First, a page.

It’s been a rough few weeks for Kansas basketball. While the Jayhawks are, as usual, expected to have one of the top programs in the sport this year, Kansas received a Notice of Allegations from the NCAA towards the end of September that, per USA TODAY, “includes three Level 1 violations tied primarily to recruiting and cites a lack of institutional control.”
All of this has the potential to serve as a gigantic problem for the program, even if head coach Bill Self said that he feels ok about everything. It probably helped that the team officially kicked off its preseason on Friday night with its annual Midnight Madness celebration, Late Night in the Phog. This year included a special performance by Snoop Dogg, which seemed like a good time, even if the Jayhawks felt the need to apologize for it.
Kansas needs to put this picture in an envelope — only this picture — and ship it to the NCAA as its formal response to the NCAA's recent violation allegations. pic.twitter.com/QXlhJn8FA0
— Kyle Boone (@Kyle__Boone) October 5, 2019
Snoop performed at the end of the evening, and decided to put on a show. Per videos from those who were in attendance, Snoop had pole dancers and — in an act that made me laugh but I can only assume caused the NCAA’s office in Indianapolis to burn down — a money gun that he fired into the crowd.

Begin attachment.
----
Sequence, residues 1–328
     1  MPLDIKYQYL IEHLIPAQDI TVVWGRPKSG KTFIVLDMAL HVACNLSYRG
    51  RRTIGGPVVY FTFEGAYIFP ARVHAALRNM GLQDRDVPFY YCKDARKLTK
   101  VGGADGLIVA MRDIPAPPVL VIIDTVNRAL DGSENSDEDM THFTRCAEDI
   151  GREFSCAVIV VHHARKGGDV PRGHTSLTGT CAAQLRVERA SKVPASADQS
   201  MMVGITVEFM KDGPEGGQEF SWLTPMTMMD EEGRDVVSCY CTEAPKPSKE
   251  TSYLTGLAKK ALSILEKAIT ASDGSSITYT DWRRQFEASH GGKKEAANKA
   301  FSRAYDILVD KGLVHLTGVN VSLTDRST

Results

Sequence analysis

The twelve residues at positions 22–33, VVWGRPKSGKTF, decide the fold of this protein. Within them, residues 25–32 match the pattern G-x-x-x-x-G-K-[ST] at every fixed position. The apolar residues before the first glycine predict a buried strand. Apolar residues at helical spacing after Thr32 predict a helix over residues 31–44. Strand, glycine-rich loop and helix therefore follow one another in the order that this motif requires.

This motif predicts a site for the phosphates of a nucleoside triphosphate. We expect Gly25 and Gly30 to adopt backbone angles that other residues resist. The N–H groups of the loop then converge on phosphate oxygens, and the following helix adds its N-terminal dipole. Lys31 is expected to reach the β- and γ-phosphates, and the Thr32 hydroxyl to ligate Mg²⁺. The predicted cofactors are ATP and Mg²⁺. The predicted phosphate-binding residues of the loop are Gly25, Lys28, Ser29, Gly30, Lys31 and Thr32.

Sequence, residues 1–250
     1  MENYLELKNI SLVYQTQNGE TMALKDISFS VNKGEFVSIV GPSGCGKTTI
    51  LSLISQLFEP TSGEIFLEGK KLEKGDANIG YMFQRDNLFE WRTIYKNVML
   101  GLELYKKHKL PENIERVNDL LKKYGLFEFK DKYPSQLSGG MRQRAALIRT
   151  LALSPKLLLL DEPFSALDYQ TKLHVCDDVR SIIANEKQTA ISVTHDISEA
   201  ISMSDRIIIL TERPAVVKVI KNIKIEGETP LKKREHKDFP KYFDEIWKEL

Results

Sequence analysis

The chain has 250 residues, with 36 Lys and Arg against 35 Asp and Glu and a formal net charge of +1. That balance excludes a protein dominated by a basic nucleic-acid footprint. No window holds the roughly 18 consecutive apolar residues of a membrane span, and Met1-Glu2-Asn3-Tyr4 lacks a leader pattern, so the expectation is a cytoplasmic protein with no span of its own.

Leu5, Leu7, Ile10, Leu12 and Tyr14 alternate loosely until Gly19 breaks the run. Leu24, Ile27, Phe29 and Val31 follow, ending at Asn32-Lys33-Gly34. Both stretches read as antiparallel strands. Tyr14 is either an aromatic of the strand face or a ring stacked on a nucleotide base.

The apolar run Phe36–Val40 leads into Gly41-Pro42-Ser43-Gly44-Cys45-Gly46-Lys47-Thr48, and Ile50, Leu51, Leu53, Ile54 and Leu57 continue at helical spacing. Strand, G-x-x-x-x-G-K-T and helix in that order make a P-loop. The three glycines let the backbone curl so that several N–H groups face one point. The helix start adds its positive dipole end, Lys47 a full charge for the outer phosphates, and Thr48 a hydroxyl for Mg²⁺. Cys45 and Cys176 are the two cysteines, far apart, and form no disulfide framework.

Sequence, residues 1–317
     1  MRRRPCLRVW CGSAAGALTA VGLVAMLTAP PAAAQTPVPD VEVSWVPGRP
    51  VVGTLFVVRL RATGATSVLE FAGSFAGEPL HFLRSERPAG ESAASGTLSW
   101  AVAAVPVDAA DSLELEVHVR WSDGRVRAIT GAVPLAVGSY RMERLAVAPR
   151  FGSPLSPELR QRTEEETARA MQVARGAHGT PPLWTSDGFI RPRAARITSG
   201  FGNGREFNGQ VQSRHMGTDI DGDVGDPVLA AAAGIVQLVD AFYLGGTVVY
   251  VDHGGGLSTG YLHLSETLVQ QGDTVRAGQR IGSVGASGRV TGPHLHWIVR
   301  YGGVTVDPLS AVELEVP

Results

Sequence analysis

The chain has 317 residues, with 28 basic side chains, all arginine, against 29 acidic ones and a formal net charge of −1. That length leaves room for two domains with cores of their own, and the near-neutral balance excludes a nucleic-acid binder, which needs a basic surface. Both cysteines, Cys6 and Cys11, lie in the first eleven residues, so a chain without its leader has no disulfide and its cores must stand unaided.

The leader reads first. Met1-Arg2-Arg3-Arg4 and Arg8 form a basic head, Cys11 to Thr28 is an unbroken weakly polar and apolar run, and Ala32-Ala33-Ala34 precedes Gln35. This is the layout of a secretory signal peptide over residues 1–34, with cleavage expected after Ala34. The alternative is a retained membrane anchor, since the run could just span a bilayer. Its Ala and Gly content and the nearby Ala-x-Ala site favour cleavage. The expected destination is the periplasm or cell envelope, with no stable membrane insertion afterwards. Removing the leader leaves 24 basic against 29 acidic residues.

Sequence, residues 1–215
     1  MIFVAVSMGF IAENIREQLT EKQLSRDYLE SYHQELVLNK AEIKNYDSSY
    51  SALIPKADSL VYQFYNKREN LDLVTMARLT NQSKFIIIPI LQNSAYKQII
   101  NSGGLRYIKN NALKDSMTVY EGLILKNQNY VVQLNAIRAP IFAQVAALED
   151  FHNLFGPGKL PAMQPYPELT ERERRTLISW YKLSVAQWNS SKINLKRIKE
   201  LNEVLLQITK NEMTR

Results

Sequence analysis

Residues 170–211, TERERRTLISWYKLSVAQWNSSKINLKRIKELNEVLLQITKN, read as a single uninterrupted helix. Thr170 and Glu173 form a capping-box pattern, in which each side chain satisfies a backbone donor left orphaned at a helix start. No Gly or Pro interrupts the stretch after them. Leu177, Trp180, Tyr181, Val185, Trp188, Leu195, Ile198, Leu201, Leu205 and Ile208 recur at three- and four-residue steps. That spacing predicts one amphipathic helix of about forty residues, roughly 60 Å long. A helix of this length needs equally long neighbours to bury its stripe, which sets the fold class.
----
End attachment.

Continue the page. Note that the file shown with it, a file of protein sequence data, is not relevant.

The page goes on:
— Randy Withers (@RandyWithersKC) October 5, 2019
Snoop Dog brought a money gun. pic.twitter.com/MliY97ZlTO
— Michael Swain (@mswain97) October 5, 2019
In an attempt to ease any hard feelings from those who weren’t into this, Kansas athletic director Jeff Long released a statement apologizing for the lack of a “family atmosphere.”
— Matt Tait (@mctait) October 5, 2019
Self also addressed the performance. According to Scott Chasen of Phog.net, Self said that he left early but was still apologetic.
“Regardless of the entertainment it provided many, it was still not the right way to provide the entertainment,” Self said. “I only stayed for a couple songs. I wasn’t feeling well so I went back in the locker room. So I didn’t see the majority of what went down but certainly I got a pretty good idea based on the first couple songs.”
We will research whether this is the case, but I have to imagine this is the first time a program under NCAA investigation has ever kicked off its season with a concert that involved someone shooting a money gun into the crowd.